The 800lb gorilla in the room right now is obviously how COVID is going to affect the recruiting process for high school guys the next 2-3 years.
Here are the 3 biggest changes that I see coming ranging from the very obvious to the somewhat speculative:
(Thanks to @fenwaysouth for bringing this up in a separate post)
1). College baseball is about to become more competitive than ever
Here's a quick summary of all the changes we've seen in the past year:
-1). All 5 levels of college ballplayers given an extra year of eligibility
-2). Roster limits expanded to accommodate returning Seniors
-3). MLB Draft shortened from 40 rounds --> 5 rounds
-4). One-time transfer rule approved, allowing players to transfer schools and begin playing immediately without sitting out a year
The upshot of this?
We're now left with a situation in which we essentially have 5 classes of college ballplayers vying for playing time that is typically only spread across 4 classes of players
The shortened 2020 draft left a whopping 1,000+ pro caliber players who should have been signing pro contracts in high school and college baseball instead.
With the expanded rosters, a 35 player program with 10 returning Seniors could now conceivably balloon to 45 players as well.
We've already seen it this past year, but high school guys really need to be able to play in order to land an offer, and college guys really need to be able to play in order to earn playing time.
2). Parents and players who know how to use video will have a huge advantage over those that do not
After a year in which coaches literally had no other option than to make offers based on recruiting video alone, I think many college coaches are now in an "eyes forced wide open" situation.
Similar to forced work from home causing many companies to realize that they can in fact run their businesses remotely, I think this past year has caused many college coaches to realize that they can in fact do a greater portion of their recruiting remotely than they previously realized.
Is there merit and value in going to see a kid play in-person? Absolutely.
Being able to go watch a kid's summer game and talk to him in-person afterwards is something that will always be valuable
But if a college coach who previously thought he needed to see a kid play in-person 3x before making a decision realizes that he can now make that same decision by going to watch him play 1x alongside watching a host of video clips he receives via Email/Twitter, that's absolutely something he's going to do to maximize his time.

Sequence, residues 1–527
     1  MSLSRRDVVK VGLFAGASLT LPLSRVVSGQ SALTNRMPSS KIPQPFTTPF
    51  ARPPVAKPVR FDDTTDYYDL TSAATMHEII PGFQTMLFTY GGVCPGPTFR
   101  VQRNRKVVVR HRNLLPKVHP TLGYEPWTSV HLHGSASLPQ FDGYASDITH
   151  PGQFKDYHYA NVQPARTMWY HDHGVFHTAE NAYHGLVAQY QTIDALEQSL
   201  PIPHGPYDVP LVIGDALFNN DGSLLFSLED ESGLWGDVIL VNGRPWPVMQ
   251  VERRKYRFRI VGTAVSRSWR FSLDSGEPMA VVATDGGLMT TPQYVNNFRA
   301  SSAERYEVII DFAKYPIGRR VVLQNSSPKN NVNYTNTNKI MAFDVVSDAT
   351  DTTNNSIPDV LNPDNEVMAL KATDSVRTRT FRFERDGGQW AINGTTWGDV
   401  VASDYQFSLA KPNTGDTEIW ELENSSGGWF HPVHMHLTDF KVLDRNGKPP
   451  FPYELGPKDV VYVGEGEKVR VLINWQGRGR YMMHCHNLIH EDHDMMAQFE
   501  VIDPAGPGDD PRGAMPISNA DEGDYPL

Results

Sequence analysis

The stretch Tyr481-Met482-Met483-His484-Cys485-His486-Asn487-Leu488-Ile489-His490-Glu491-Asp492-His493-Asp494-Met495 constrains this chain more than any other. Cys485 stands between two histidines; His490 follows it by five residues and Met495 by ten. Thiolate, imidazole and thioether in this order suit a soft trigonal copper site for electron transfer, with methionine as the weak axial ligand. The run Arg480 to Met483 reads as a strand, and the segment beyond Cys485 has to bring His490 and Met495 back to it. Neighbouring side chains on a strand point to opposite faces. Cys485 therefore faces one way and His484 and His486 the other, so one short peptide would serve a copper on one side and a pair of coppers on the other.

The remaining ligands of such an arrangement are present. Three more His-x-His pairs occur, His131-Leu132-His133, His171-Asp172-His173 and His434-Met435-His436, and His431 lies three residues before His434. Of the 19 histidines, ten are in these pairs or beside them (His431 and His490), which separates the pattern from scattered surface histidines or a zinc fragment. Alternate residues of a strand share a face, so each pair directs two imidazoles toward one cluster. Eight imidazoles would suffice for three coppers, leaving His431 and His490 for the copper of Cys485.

The big winners of this past year are the players and parents who routinely captured video and sent it out consistently to coaches, and I think that's a change that's here to stay.
3). College coaches are going to have a slower trigger when it comes to making offers
For the first time in the history of college baseball, we're looking at a situation in which players can now transfer and begin playing for a completely different schools WITHOUT sitting out for an entire season
We will see (and already have seen) a massive uptick in the number of guys electing to jump ship and find a new college baseball home.
This fact (coupled with the fact that we now effectively have 5 classes of players in the mix) is going to make it MUCH more difficult for coaches to assess roster needs and act accordingly on them in recruiting.
Broadly speaking, a college coach makes an offer to a high school player when he believes that high school player can fill a particular need in his program.
When those needs are constantly changing though, it makes it difficult to extend offers with confidence unless you have a high degree of certainty that THIS particular high school prospect is both: a). Good enough to play in your conference, and also b). Good enough to help your specific team win ballgames in that conference
Anyways, the quick one sentence summary here is that college baseball is about to be as competitive as it ever has been (which I think is awesome)
If I was a high school guy right now, I would be obsessive about constantly capturing video and sending it to schools that I was interested in.
I'd also be expanding my college search just a touch because if we've learned anything from 2020, it's that we should always have a backup plan when stuff hits the fan.
Let me know what you guys think, and if there are any big-time first or second order effects from COVID on recruiting that I might've missed, feel free to let me know.